Kotlikoff on Social Security: If You Delay Social Security But Also Stop Working, Will Your Benefit Still Increase?

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By Laurence Kotlikoff, MaximizeMySocialSecurity

Let’s say you stop working at age 62, but decide to delay taking your Social Security benefits. Will the payment you eventually receive still increase by 8% or so for each year you postpone benefits even though you’re not working during that time?

—Linda B.

Many people have the mistaken impression that your Social Security benefits increase only if you continue working during the time you delay claiming. But that’s not the case.

Check Out: Your 3 Biggest Social Security Questions Answered

The Social Security benefit you eventually receive will increase by about 7% per year until you reach your full retirement age. If you postpone even beyond that, your benefit will increase by 8% between full retirement age and age 70. In both cases, your benefit will also be adjusted to reflect inflation.

Of course, if you also work during that time, your benefit might increase even more. For details, see Social Security’s “How Work Affects Your Benefit” guide.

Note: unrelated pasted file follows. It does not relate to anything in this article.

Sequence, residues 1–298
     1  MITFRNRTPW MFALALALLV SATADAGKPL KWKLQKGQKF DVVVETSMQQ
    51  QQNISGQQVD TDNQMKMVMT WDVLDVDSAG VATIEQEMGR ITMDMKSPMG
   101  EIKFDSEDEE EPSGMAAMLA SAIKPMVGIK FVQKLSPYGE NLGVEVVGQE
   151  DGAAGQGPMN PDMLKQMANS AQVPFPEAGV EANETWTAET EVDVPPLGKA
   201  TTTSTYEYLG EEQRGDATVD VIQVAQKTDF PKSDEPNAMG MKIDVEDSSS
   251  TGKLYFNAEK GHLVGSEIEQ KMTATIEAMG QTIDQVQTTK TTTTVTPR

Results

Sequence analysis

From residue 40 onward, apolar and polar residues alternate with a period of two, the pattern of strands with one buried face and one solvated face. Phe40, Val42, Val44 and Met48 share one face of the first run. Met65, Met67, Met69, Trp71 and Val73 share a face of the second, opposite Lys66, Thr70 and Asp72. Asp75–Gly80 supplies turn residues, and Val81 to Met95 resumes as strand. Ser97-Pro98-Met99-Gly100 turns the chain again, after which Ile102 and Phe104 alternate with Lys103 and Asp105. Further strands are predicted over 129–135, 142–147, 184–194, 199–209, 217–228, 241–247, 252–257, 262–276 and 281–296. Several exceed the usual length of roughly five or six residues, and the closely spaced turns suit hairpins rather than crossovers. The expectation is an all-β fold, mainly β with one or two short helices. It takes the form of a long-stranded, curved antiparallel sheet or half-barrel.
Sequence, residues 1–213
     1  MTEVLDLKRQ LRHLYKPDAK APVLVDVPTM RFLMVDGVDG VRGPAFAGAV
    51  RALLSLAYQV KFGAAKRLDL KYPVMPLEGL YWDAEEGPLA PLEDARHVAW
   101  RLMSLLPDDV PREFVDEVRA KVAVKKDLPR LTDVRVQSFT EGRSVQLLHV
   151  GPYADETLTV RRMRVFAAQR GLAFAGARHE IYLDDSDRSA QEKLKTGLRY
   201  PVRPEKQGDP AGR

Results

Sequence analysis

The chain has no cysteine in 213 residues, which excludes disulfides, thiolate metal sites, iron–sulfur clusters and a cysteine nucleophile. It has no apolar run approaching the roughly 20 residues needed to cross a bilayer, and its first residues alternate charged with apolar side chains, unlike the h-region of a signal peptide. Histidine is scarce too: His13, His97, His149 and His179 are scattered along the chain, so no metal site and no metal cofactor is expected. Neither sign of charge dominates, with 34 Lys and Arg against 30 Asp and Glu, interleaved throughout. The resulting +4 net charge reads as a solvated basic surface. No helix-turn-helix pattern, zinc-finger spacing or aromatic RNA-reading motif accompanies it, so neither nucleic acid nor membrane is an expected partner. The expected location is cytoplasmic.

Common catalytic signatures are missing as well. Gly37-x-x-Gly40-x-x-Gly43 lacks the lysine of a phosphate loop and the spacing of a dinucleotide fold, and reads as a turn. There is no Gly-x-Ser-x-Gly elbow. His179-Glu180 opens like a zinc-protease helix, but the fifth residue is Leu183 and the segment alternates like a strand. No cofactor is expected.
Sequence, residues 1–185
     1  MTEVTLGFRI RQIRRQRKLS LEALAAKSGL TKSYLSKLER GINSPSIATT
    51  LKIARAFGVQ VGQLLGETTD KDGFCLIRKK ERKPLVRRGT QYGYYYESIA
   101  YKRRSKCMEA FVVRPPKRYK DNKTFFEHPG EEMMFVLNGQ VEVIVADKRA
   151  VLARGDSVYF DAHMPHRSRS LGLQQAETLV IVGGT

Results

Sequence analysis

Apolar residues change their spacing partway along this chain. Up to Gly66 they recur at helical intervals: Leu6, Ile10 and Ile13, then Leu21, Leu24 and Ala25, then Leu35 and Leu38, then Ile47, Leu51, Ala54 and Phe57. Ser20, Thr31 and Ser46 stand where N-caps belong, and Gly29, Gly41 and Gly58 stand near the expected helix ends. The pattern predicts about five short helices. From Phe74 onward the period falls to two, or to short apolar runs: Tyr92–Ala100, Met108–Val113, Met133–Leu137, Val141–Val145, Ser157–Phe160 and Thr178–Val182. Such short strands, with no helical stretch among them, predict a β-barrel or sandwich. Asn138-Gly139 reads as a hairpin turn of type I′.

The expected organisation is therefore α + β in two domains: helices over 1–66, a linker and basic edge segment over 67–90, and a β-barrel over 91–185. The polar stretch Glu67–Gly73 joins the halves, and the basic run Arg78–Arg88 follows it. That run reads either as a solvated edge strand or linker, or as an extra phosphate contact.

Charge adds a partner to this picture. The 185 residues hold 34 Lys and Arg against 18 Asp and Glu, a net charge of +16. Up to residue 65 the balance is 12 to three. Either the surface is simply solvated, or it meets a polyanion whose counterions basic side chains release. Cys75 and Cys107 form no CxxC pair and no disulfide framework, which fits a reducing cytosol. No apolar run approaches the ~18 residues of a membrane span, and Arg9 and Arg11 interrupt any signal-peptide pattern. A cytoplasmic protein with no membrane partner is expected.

Boston University economics professor Laurence Kotlikoff is an expert on Social Security. His Maximize My Social Security service can help you figure out how when and how to claim benefits to get the highest lifetime benefits, while his ESPLanner tool can help you achieve a stable living standard before and during retirement. He is a co-author of Get What’s Yours: The Secrets To Maxing Out Your Social Security.

LARRY’S ANSWER TO ANOTHER WORK-RELATED SOCIAL SECURITY QUESTION:

I plan to start taking Social Security payments at 62. If I decide to go back to work, can I stop the payments and then resume them when I’m no longer working?

—Steve

If you go back to work and earn enough to lose your retirement benefits due to the earnings test, those lost retirement benefits will be recouped in terms of a higher check after you reach full retirement age.  This is thanks to Social Security’s “Adjustment of the Reduction Factor.”

Once you reach full retirement age, you can suspend your retirement benefit and start it up again at 70 at a 32% larger value assuming your full retirement age is 66. That said, I would do whatever is possible to wait to take my retirement benefit until 70 because it will then start at a 76% higher value (after inflation).

Check Out: The Best Way To Invest For Retirement Income

I’d modify this advice if you told me that your maximum age of life is relatively low or that you have a child or spouse who could collect on your work record starting right away were you to begin taking benefits immediately. (I’m assuming you are now 62.)   [5/7/15]

Boston University economics professor Laurence Kotlikoff is an expert on Social Security. His Maximize My Social Security service can help you figure out how when and how to claim benefits to get the highest lifetime benefits, while his ESPLanner tool can help you achieve a stable living standard before and during retirement. He is a co-author of Get What’s Yours: The Secrets To Maxing Out Your Social Security.

 

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